As weird as ANNIHILATION undoubtedly is, it has all the right ingredients for a memorable story. The concept is very unique, the visual effects are incredible, and it has an outstanding cast. But for me, the film never comes together cohesively.
ANNIHILATION opens with a meteor crashing into Earth, unleashing a weird environment that slowly begins to spread. In response, the U.S. government begins sending expeditions into this area (dubbed The Shimmer) but every expedition fails. When Kane (Oscar Issac) mysteriously reappears outside of The Shimmer, becoming the first survivor from an expedition, another team is quickly assembled to journey into The Shimmer and attempt to discover a cure for Kane. The team includes Kane’s wife, Lena (Natalie Portman), Ventress (Jennifer Jason Leigh), Anya (Gina Rodriguez), Josie (Tessa Thompson), and Cast (Tuva Novotny). Together, the team ventures into the heart of The Shimmer, uncovering an alien world that is as beautiful as it is dangerous.
The cast is very small, and (refreshingly!) almost entirely female. The film focuses on Lena, and Natalie Portman gives one of the best performances of her career in this role. She is utterly vulnerable in the film, but with a strength that carries her through the film. In a film where the world seems so vibrant and different, Portman’s character feels exceedingly real. It’s easy to empathize with her character and root for her. I also really enjoyed Gina Rodriguez’s portrayal of Anya. Rodriguez brings some much-needed charm to the film, and I really appreciated how complex her character was.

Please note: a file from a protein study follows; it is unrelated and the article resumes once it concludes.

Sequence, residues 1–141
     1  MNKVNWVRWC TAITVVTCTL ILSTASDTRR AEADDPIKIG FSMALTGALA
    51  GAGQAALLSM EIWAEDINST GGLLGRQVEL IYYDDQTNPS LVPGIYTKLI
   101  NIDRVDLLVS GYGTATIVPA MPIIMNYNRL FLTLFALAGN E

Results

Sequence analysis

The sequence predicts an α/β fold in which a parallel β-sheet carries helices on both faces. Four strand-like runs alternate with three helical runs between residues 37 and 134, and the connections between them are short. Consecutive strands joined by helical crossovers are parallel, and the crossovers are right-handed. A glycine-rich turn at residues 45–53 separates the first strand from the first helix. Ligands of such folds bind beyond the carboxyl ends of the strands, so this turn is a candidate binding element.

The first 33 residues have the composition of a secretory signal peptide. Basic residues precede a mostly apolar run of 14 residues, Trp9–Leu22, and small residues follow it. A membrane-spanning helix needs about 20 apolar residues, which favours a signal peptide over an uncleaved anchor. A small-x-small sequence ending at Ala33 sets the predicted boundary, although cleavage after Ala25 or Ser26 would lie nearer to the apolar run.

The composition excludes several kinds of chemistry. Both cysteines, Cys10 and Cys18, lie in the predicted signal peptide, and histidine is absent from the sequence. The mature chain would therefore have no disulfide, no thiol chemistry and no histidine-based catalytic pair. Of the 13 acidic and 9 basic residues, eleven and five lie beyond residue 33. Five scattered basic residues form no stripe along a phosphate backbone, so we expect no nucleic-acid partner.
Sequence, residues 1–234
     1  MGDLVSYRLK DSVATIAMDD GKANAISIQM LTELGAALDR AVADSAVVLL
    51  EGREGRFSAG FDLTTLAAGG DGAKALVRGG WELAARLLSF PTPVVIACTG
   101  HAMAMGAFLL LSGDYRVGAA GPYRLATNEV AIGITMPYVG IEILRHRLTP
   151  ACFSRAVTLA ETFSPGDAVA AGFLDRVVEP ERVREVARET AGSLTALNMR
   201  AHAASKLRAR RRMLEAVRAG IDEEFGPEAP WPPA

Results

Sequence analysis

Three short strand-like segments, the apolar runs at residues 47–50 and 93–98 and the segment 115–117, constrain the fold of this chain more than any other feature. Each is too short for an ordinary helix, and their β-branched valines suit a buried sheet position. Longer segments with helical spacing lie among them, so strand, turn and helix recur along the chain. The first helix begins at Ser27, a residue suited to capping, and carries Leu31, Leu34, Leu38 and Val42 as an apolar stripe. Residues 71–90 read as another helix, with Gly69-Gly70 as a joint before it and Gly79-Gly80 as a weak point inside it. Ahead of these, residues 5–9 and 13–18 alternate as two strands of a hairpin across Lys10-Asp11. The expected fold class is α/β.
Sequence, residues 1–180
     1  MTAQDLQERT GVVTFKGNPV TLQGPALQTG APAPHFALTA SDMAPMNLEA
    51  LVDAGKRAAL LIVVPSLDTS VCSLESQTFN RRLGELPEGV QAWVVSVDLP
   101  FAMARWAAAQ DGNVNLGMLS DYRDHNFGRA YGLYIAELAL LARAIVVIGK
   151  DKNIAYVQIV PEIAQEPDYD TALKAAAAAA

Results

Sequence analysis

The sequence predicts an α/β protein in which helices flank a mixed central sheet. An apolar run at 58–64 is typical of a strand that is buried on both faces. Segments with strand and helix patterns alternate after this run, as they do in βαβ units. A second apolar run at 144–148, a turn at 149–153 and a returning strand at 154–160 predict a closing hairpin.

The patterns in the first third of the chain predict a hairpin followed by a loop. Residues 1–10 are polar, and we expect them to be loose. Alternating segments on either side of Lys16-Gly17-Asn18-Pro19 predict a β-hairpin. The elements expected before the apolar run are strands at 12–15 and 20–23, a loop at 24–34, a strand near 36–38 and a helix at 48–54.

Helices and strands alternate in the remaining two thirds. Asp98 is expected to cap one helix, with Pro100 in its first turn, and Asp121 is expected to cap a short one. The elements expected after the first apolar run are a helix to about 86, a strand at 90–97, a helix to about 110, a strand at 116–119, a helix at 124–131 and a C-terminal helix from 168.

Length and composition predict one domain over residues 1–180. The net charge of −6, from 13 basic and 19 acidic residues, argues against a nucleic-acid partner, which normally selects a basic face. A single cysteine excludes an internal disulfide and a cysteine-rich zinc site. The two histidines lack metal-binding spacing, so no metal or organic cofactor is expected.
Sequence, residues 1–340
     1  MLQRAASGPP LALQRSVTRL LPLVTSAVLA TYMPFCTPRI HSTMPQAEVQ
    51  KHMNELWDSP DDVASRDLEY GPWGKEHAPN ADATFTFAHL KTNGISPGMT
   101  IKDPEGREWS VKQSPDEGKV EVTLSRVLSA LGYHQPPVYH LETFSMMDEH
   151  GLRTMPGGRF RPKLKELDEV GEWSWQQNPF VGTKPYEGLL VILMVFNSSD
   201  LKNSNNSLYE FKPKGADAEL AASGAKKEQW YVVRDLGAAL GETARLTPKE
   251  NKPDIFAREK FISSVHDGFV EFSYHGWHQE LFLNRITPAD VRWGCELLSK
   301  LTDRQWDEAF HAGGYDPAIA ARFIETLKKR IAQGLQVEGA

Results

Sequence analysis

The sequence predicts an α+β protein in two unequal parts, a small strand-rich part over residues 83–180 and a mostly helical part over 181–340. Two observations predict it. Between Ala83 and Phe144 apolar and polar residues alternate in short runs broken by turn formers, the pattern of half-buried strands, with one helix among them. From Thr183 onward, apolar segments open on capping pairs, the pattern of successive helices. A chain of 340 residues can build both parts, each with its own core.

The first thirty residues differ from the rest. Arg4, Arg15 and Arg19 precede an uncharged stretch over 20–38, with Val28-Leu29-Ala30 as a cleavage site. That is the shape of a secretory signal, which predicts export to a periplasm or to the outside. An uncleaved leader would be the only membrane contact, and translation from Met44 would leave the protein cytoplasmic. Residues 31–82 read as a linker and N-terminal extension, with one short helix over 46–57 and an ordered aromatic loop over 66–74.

I was less impressed with the surrounding cast. Oscar Isaac’s performance in ANNIHILATION is so singularly terrible that it has to be seen to be believed. He exhibits no emotion throughout the entirety of the film, and a late twist doesn’t give the audience any reason to care. Tessa Thompson is, sadly, wasted in the film – her character has little impact on the story and her background is relegated to info dumps in dialogue. I was also deeply disappointed in Jennifer Jason Leigh’s portrayal of Ventress – a character that wasn’t quite villainous, but who had the potential to be a memorable character. Instead, Ventress lurches through her scenes with no emotion. Like the rest of the cast, she has no character arc.
The film is, without a doubt, beautiful. The whole concept behind The Shimmer is that the alien meteor is transforming the area around it. It mutates animals into terrifying and beautiful creatures, and it has a unique effect on nature. The film is littered with beautiful flowers and overgrown wildlife. But whereas ANNIHILATION has a deep connection with beauty, it also has a tantalizing connection with the horrific. There are scenes of intense terror in the film, and what makes the sequences so perfect is how they juxtapose with the more peaceful scenes.
The last 20 minutes are what makes ANNIHILATION so polarizing. The climax has almost no dialogue, leaving the interpretation of events to the audience. For me, the strength of ANNIHILATION was when the characters were all together and playing off each other. But in the film’s climax, the focus is solely on Lena. It’s an incredibly weird, trippy experience – and one that definitely lends itself to the film’s stunning visuals. But then the film ends, and it feels very unsatisfying. There’s too much left unexplained and unknown.
A disjointed ending and poor acting keep ANNIHILATION from reaching its full potential. The film is wonderfully unique, and it is a shame that some major flaws drag it down. The film’s concept is wildly interesting, and it is incredibly tense. But even Natalie Portman’s excellent casting can’t outweigh the problems that I had with the film. It’s a decent film, and certainly one that can lead to plenty of deep discussions after the credits roll, but it was ultimately a disappointing experience for me.